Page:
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Cleaning up: a day in the life of UNT custodians

Cleaning up: a day in the life of UNT custodians

Cleaning up: a day in the life of UNT custodians
February 06
00:21 2014

Javier Navarro // Staff Writer

Picking up and throwing away crumpled pieces of paper, cups, leftover food and flushing toilets isn’t the worst task custodian Vickie Matthews said she has ever performed.

“Probably cleaning up throw-up is,” Matthews said. “If someone gets sick in the bathroom, you got to clean up the toilets and the walls. It can be messy.”

It’s all a part of the job for the 51-year-old custodian, who’s been clearing the halls and restrooms of garbage in UNT buildings for 16 years. For Matthews, cleaning up after people comes natural to her.

“It’s like picking up after my four kids all of the time, so there’s not much to it for me,” Matthews said. “I clean a lot, I used to clean houses on the side too and it keeps me busy.”

Matthews is just one of the 103 custodians cleaning up trash and mopping the floors of more than 60 UNT buildings.

She usually starts her day at 10 a.m. in the General Academic Building after a 45-minute commute from Wise County, a trip she makes every weekday.

From there, she takes her cart with a trash bin attached and grabs supplies out of the custodial closet. She then goes around all four floors of the building, cleaning up all the trash on the floor coupled with the task of emptying trash cans.

Matthews follows the same routine while making her way to the Auditorium, Language, Physics and Art buildings. She also cleans Curry and Sage Hall until the end of her shift at 6:30 p.m. She said she will usually go through the buildings twice each day.

The students and faculty usually treat her respectfully. She often sparks up conversations, Matthews said.

Matthews also said she is one of three custodians who work the same full-time day shift as she does.

Most janitors employed by the UNT Custodial Services work full-time from 12:30 a.m. to 9 a.m., according to custodial services manager David Barkenhagen. He said most custodians will mop floors, clean offices and do a full cleanse of restrooms throughout the day.

Barkenhagen said cleaning up during the night shift is the most productive time for the custodial staff because the buildings are usually vacant and the staff will experience the least amount of distractions. He also said the students arrive at cleaner buildings when they attend school in the mornings.

Matthews worked the night shift for six months, but after her experience she wanted to make a change.

“At my age, it was killing me,” Matthews said, as she let out a soft chuckle. “I had to ask my boss ‘do you have any other hours for me? I’m looking dead here, I’m too old.’”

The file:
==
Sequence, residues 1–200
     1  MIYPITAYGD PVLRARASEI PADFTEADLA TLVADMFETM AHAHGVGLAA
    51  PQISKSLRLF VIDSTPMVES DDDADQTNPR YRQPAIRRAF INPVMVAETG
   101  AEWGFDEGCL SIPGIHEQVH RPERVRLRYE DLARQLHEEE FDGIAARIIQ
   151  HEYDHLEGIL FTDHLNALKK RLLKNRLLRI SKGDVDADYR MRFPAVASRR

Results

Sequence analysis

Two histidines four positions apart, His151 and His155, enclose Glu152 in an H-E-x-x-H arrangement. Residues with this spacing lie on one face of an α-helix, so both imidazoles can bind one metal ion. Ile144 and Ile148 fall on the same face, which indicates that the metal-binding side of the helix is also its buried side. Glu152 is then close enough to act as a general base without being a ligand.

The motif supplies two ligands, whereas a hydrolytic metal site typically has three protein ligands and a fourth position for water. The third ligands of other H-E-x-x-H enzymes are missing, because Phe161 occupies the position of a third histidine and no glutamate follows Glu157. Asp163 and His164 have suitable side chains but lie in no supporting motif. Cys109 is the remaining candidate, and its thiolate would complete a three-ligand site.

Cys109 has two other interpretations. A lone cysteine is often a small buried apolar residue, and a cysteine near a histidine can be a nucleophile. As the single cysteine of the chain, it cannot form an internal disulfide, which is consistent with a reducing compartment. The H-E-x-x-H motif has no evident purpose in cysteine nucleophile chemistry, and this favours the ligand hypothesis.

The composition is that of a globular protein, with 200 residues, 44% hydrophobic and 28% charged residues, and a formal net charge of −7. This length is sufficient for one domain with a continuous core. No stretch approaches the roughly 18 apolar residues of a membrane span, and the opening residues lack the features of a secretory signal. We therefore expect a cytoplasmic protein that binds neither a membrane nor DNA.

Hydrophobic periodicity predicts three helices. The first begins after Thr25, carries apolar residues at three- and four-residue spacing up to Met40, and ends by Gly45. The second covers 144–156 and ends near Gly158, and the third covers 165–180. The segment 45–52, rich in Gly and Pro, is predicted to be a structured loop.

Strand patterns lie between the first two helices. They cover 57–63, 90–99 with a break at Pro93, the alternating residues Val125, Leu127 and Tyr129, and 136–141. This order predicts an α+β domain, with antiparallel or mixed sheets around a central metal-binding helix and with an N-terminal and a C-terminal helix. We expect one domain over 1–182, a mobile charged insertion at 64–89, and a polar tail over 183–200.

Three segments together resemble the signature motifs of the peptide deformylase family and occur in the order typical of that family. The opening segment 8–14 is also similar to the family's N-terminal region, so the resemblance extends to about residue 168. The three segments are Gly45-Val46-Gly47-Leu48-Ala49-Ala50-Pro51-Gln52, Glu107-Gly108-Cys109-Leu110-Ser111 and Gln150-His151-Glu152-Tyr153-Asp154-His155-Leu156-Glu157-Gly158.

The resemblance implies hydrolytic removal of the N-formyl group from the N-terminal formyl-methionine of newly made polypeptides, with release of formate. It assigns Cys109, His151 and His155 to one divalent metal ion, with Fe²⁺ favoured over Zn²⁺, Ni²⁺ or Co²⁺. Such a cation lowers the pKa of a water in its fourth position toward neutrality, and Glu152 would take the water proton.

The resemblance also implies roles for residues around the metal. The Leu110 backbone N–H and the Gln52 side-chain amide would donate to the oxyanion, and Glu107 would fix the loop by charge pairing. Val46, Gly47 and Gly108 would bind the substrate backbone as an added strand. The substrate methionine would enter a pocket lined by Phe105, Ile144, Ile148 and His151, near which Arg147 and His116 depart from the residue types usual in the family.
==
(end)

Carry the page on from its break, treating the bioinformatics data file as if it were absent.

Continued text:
Barkenhagen said the custodial staff rarely has a “shutdown period.” Besides winter break, Thanksgiving Day and an occasional day off, the unit usually works throughout the year.

“Even while students are out, we work,” Barkenhagen said. “We also do projects and those include waxing and carpet cleaning and we do it for the whole year.”

Barkenhagen also said that his staff doesn’t account for every building on campus. Other buildings, such as residence halls, have their own custodial staff.

Chelsea Walker, 23, is one of the custodians who works in Bruce Hall and has worked there a little more than a year.

“[Cleaning up] is just something I’m used to doing,” Walker said. “It’s just a skill that I’ve grown to like.”

Unlike her previous job at a water park where she cleaned restrooms—a task she admits she didn’t like—she enjoys working at Bruce Hall.

Walker said her shift starts at 6 a.m. and ends at 2:30 p.m. She begins the day by sweeping and mopping the floors in the cafeteria and cleaning the hallways. She also maintains the up-keep in the community restrooms.

Walker also said custodians should build a resistance to strong odors because it’s something that takes awhile to acclimate to.

Though she doesn’t mind cleaning, Walker said she doesn’t plan on being a janitor in the future, which could include college.

For Matthews, being a custodian is a job she intends to keep until retirement. Because of her age and the friendly people she has met throughout her years at UNT, she is content with her job.

“I’m going to stay here until they run me out of here,” Matthews said. “It’s my daily routine, I don’t think much of it and I’m going to retire here.”

Feature photo: Janitor Vickie Matthews pulls her work cart out of the custodian closet early Wednesday morning in the General Academic Building. Photo by Kristen Watson / Staff Photographer 

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